Exploring and drilling for hydrocarbons must be stopped in unique and fragile mediterranean deep sea

Conservation organizations WWF and Oceana are deeply concerned about recent developments in the exploitation of hydrocarbon resources in the eastern Mediterranean Sea that risk causing irreversible damage to fragile and unique deep-sea life.

Press Release Date: June 27, 2011

Location: Madrid


Marta Madina | email: mmadina@oceana.org | tel.: Marta Madina

Particularly alarming is the recent green-lighting by the Cypriot government of drilling for gas in Cyprus’ Exclusive Economic Zone (EEZ) by energy company Noble Energy.

A large part of the almost 5,500-km2 area Noble Energy could start drilling as early as September, falls within the Eratosthenes Seamount area, a Fisheries Restricted Area (FRA) adopted by the UN’s General Fisheries Commission for the Mediterranean (GFCM).  It should also be noted that this seamount is recognized as a priority area for inclusion in the list of Specially Protected Areas of Mediterranean Importance (SPAMI) under the Barcelona Convention.

Fisheries Restricted Areas are created to protect deep-sea sensitive habitats – in this case hosting a unique and particularly fragile ecosystem, including rare species of corals – that are extremely vulnerable to external interference. Recent studies on the Eratosthenes seamount reveal the richness of this area, which serves as a vital stopping point for certain migratory species of whales and cetaceans, including sperm whales, fin whales, striped and bottlenose dolphins.

Deep-sea fishing activity is banned within the FRA, but the UN’s GFCM also explicitly calls for protection of the area “from the impact of any other activity jeopardizing the conservation of the features that characterize these particular habitats”. Likewise, The European Union’s Marine Strategy Framework Directive, calls on EU Member States to protect the marine environment at European and international levels from any human activity that is likely to have a significant impact on the marine environment.

“The Cypriot government and EU authorities must urgently ensure compliance with international law in this new oil rush of the oceans,” said Dr Susana Sainz-Trapaga, WWF Mediterranean’s Marine Officer. “Measures are needed that specifically exclude UN-designated fisheries restricted areas like the Eratosthenes Seamount from any exploratory prospection or commercial exploitation – and prescribing severe consequences if the rules are not respected.”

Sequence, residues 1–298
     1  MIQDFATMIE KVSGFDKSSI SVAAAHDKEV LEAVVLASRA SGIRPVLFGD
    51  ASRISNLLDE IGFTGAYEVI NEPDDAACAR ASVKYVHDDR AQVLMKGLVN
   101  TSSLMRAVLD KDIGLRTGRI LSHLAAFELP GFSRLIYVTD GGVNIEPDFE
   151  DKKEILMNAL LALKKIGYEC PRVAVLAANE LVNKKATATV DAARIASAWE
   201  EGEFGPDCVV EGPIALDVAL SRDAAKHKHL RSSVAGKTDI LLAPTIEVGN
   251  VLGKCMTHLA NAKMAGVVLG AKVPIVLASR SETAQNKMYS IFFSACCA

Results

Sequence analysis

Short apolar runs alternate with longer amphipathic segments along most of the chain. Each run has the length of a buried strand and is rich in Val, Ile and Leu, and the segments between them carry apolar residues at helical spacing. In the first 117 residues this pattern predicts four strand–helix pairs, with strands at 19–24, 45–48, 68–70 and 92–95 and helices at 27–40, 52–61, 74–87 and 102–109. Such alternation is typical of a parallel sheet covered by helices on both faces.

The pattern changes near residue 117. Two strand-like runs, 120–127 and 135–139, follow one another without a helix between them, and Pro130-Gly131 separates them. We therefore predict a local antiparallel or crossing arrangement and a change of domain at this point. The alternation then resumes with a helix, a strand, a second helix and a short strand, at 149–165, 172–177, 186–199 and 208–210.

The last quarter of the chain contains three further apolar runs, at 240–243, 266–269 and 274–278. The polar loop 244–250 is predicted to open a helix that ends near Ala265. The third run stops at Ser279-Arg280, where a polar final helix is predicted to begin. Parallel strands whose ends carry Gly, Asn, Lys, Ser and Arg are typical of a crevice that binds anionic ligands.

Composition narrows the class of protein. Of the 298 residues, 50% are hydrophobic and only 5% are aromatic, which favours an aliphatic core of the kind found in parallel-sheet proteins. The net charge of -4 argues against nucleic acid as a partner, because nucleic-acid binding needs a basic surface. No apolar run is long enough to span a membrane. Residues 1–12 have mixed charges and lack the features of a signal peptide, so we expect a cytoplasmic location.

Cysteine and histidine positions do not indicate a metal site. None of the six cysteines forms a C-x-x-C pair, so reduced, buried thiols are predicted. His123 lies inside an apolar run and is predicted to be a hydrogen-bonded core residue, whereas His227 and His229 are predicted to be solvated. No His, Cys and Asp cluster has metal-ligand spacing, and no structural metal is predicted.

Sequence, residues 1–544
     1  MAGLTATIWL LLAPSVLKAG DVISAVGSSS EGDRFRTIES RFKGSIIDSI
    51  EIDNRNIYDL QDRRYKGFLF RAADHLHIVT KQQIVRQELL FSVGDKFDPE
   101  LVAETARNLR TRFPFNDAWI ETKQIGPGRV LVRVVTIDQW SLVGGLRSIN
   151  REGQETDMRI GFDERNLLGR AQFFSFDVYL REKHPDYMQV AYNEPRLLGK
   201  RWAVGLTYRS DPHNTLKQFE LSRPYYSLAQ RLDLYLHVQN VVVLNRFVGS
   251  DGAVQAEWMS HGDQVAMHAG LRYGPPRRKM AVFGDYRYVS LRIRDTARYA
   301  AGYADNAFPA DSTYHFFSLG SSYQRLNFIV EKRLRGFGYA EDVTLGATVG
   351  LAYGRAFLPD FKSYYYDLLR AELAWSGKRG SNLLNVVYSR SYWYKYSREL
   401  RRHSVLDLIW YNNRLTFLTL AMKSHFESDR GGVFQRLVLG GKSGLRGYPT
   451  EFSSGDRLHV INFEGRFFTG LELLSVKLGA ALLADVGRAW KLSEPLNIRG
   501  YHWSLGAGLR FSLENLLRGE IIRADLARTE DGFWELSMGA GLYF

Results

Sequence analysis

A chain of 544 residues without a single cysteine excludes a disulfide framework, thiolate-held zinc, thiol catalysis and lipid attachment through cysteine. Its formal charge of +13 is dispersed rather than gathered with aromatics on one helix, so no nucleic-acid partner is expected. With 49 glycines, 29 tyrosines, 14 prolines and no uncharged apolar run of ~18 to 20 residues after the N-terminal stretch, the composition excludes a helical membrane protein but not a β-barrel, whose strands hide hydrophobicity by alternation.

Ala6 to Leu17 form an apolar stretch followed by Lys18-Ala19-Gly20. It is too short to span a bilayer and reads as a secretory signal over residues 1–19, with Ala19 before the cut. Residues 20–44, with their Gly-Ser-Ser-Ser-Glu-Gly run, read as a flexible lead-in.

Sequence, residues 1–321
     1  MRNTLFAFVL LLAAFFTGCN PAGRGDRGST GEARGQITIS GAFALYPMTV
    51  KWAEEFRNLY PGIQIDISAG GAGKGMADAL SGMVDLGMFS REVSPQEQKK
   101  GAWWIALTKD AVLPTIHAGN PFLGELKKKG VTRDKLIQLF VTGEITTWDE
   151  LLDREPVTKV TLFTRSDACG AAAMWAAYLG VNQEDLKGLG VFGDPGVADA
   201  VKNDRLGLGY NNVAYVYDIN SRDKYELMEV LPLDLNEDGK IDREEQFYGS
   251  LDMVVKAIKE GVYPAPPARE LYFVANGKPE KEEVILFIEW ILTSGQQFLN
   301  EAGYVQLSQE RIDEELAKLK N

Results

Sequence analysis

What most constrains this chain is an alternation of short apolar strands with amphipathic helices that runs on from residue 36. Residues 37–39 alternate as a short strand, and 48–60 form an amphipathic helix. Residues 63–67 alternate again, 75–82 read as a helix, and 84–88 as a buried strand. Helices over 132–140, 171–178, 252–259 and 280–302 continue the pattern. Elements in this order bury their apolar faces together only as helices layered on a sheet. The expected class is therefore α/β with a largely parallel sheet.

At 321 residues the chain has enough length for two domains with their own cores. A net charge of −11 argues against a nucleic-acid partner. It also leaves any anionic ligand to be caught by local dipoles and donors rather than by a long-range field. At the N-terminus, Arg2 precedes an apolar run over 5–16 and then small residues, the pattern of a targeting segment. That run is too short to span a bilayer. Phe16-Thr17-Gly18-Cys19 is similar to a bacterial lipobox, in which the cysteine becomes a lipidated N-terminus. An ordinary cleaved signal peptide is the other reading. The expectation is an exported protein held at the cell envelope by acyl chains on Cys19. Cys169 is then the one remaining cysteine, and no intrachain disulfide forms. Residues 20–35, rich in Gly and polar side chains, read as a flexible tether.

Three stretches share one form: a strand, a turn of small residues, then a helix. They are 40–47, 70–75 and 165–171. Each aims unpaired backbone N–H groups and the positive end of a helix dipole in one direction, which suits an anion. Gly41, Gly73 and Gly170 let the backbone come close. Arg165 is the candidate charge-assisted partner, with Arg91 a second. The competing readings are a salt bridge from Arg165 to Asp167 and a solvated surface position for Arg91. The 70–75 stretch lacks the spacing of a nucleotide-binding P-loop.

WWF and Oceana were alarmed to observe a vessel performing deep-sea prospection inside the protected area.  According to public sources, the vessel was carrying out transects reportedly towing a 5-mile cable supposedly for gas seismic survey purposes.  It is to continue exploration for a period of 35 days in the area.

“Any activity impacting the sensitive habitats and species and the integrity of the sea bed in this area constitutes a clear violation of international legislation and must not be tolerated,” said Nicolas Fournier, Coordinator of Oceana’s Brussels office. “The consequences of an oil spill, similar in size to that of the Deepwater Horizon, in a closed sea like the Mediterranean, would be catastrophic both for the environment – with irreversible damage to the unique and fragile marine life of the seamount – and to human activities, due to the long term effects of such a disaster on fisheries and coastal activities.”

WWF and Oceana call on the Cypriot government to stop hydrocarbon developments around the Eratosthenes seamount and immediately adopt strict marine conservation measures for this biodiversity hotspot. Cyprus is significantly lagging behind in terms on marine protected areas, with only 0,94% of its national waters currently protected under  Natura 2000 network. This is far below the 10% objective internationally agreed, and the EU must call on Cyprus to intensify its marine sites designation efforts.

The massive Eratosthenes Seamount rises from the sea floor to 800m below the surface of the Mediterranean Sea. The area hosts a wide array of invertebrates and corals, and these highly fragile deep-sea biological communities are very sensitive to human impacts in the form of deep-sea fishing, waste disposal, chemical pollution or soil prospection and extraction activities.

Three weeks ago the Israeli Ministry of National Infrastructure ordered Noble Energy  to stop its drilling activities in a nearby area offshore Israel, the Leviathan field, after the company identified water flowing from the well to the sea floor. However, the company was just allowed to resume drilling few kilometers away of the previous site.